Accounting for the Impairment or Disposal of Long-Lived Assets (Issued 8/01)
This Statement addresses financial accounting and reporting for the impairment or disposal of long-lived assets. This Statement supersedes FASB Statement No. 121, Accounting for the Impairment of Long-Lived Assets and for Long-Lived Assets to Be Disposed Of, and the accounting and reporting provisions of APB Opinion No. 30, Reporting the Results of Operations-Reporting the Effects of Disposal of a Segment of a Business, and Extraordinary, Unusual and Infrequently Occurring Events and Transactions, for the disposal of a segment of a business (as previously defined in that Opinion). This Statement also amends ARB No. 51, Consolidated Financial Statements, to eliminate the exception to consolidation for a subsidiary for which control is likely to be temporary.
Reasons for Issuing This Statement
Because Statement 121 did not address the accounting for a segment of a business accounted for as a discontinued operation under Opinion 30, two accounting models existed for long-lived assets to be disposed of. The Board decided to establish a single accounting model, based on the framework established in Statement 121, for long-lived assets to be disposed of by sale. The Board also decided to resolve significant implementation issues related to Statement 121.
Differences between This Statement, Statement 121, and Opinion 30 and Additional Implementation Guidance
Long-Lived Assets to Be Held and Used
This Statement retains the requirements of Statement 121 to (a) recognize an impairment loss only if the carrying amount of a long-lived asset is not recoverable from its undiscounted cash flows and (b) measure an impairment loss as the difference between the carrying amount and fair value of the asset. To resolve implementation issues, this Statement:
- Removes goodwill from its scope and, therefore, eliminates the requirement of Statement 121 to allocate goodwill to long-lived assets to be tested for impairment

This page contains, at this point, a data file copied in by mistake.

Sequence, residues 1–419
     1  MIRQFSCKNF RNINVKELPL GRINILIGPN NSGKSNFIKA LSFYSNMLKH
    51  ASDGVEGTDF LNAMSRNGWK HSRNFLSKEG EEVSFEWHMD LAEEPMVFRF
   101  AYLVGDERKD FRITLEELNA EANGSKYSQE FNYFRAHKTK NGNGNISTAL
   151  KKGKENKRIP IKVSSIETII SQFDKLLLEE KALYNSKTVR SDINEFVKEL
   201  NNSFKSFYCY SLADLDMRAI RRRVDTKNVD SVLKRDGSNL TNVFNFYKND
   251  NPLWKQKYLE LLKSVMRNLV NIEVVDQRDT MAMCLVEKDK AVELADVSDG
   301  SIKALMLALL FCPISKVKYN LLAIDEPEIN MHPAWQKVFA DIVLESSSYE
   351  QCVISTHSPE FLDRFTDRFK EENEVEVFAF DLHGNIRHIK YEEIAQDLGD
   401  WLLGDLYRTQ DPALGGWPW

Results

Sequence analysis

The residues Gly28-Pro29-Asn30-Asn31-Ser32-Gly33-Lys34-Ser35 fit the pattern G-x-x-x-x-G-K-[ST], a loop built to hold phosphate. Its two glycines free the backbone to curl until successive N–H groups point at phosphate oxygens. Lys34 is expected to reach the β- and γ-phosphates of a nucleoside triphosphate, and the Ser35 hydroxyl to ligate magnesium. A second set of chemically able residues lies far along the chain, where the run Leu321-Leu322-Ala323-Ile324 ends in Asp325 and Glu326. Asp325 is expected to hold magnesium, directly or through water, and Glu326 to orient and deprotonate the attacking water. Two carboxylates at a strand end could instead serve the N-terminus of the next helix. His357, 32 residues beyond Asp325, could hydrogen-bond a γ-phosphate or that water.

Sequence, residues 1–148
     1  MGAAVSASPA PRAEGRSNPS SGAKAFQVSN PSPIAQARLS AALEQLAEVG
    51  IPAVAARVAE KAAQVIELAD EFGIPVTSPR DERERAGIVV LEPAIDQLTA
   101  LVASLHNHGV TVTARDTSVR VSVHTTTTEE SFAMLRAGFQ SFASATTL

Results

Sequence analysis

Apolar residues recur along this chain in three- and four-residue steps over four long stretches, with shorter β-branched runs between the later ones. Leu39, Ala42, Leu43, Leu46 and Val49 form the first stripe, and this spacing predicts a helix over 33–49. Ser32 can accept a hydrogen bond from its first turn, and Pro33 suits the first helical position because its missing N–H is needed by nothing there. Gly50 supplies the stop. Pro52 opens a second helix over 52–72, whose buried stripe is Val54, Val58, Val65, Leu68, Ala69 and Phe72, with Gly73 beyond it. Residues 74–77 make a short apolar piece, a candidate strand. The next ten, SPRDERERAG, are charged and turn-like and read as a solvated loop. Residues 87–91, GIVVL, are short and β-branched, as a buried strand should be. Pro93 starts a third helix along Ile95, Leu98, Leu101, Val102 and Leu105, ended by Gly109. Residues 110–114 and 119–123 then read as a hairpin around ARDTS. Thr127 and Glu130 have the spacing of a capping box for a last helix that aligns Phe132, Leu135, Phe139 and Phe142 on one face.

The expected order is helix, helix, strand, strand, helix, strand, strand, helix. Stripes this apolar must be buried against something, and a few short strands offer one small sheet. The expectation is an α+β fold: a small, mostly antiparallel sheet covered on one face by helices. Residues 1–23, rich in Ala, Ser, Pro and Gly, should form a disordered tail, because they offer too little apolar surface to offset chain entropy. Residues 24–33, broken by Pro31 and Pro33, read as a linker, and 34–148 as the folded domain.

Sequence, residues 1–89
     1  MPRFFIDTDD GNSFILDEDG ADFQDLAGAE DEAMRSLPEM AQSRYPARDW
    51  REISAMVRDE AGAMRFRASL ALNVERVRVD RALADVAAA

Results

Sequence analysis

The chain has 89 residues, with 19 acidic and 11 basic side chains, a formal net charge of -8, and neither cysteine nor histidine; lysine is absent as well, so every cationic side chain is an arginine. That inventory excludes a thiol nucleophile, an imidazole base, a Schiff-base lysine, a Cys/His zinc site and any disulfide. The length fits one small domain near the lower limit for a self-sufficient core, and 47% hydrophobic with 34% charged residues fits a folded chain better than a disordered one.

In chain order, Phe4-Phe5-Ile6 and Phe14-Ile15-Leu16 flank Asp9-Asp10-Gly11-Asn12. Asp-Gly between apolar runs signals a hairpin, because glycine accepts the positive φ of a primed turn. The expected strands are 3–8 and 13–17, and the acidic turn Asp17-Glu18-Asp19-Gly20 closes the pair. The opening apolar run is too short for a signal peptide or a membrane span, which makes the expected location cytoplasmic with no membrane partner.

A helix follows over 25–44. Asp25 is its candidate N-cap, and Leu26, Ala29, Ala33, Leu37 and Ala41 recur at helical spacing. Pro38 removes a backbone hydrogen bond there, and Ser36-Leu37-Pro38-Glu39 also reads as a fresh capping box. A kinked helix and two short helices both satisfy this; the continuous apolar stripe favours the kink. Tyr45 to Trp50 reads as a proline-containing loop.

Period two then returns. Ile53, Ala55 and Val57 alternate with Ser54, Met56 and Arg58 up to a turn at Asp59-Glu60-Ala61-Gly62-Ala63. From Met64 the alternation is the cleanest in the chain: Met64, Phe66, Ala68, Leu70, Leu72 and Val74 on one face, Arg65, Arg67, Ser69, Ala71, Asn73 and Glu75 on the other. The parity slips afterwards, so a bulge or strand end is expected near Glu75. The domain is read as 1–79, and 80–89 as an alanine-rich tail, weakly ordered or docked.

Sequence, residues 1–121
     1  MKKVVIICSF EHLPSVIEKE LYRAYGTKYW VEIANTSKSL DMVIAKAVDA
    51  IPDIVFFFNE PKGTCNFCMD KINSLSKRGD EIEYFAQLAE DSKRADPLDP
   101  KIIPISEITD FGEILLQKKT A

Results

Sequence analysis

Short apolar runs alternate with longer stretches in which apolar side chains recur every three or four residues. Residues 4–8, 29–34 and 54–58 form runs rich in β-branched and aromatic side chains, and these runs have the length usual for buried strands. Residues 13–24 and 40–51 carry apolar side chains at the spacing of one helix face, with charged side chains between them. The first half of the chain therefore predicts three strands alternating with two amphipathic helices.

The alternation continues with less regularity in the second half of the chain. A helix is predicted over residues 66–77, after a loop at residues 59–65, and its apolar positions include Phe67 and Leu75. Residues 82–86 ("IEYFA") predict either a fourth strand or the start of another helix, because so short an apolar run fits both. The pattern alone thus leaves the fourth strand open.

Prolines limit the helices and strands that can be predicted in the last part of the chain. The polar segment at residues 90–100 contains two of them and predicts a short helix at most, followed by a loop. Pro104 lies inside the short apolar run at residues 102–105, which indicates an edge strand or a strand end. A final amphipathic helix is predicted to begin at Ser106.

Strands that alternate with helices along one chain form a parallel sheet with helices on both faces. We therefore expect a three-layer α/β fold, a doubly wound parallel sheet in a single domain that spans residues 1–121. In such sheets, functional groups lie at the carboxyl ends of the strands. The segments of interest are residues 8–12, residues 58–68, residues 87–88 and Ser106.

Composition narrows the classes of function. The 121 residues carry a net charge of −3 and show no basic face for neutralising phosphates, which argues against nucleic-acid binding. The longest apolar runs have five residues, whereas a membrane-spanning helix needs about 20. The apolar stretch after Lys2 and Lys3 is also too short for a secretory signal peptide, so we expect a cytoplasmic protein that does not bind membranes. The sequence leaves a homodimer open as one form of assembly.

- Describes a probability-weighted cash flow estimation approach to deal with situations in which alternative courses of action to recover the carrying amount of a long-lived asset are under consideration or a range is estimated for the amount of possible future cash flows
- Establishes a "primary-asset" approach to determine the cash flow estimation period for a group of assets and liabilities that represents the unit of accounting for a long-lived asset to be held and used
Long-Lived Assets to Be Disposed Of Other Than by Sale
This Statement requires that a long-lived asset to be abandoned, exchanged for a similar productive asset, or distributed to owners in a spinoff be considered held and used until it is disposed of. To resolve implementation issues, this Statement:
- Requires that the depreciable life of along-lived asset to be abandoned be revised in accordance with APB Opinion No. 20, Accounting Changes
- Amends APB Opinion No. 29, Accounting for Nonmonetary Transactions, to require that an impairment loss be recognized at the date a long-lived asset is exchanged for a similar productive asset or distributed to owners in a spinoff if the carrying amount of the asset exceeds its fair value.
Long-Lived Assets to Be Disposed Of by Sale
The accounting model for long-lived assets to be disposed of by sale is used for all long-lived assets, whether previously held and used or newly acquired. That accounting model retains the requirement of Statement 121 to measure a long-lived asset classified as held for sale at the lower of its carrying amount or fair value less cost to sell and to cease depreciation (amortization). Therefore, discontinued operations are no longer measured on a net realizable value basis, and future operating losses are no longer recognized before they occur.
This Statement retains the basic provisions of Opinion 30 for the presentation of discontinued operations in the income statement but broadens that presentation to include a component of an entity (rather than a segment of a business). A component of an entity comprises operations and cash flows that can be clearly distinguished, operationally and for financial reporting purposes, from the rest of the entity. A component of an entity that is classified as held for sale or that has been disposed of is presented as a discontinued operation if the operations and cash flows of the component will be (or have been) eliminated from the ongoing operations of the entity and the entity will not have any significant continuing involvement in the operations of the component.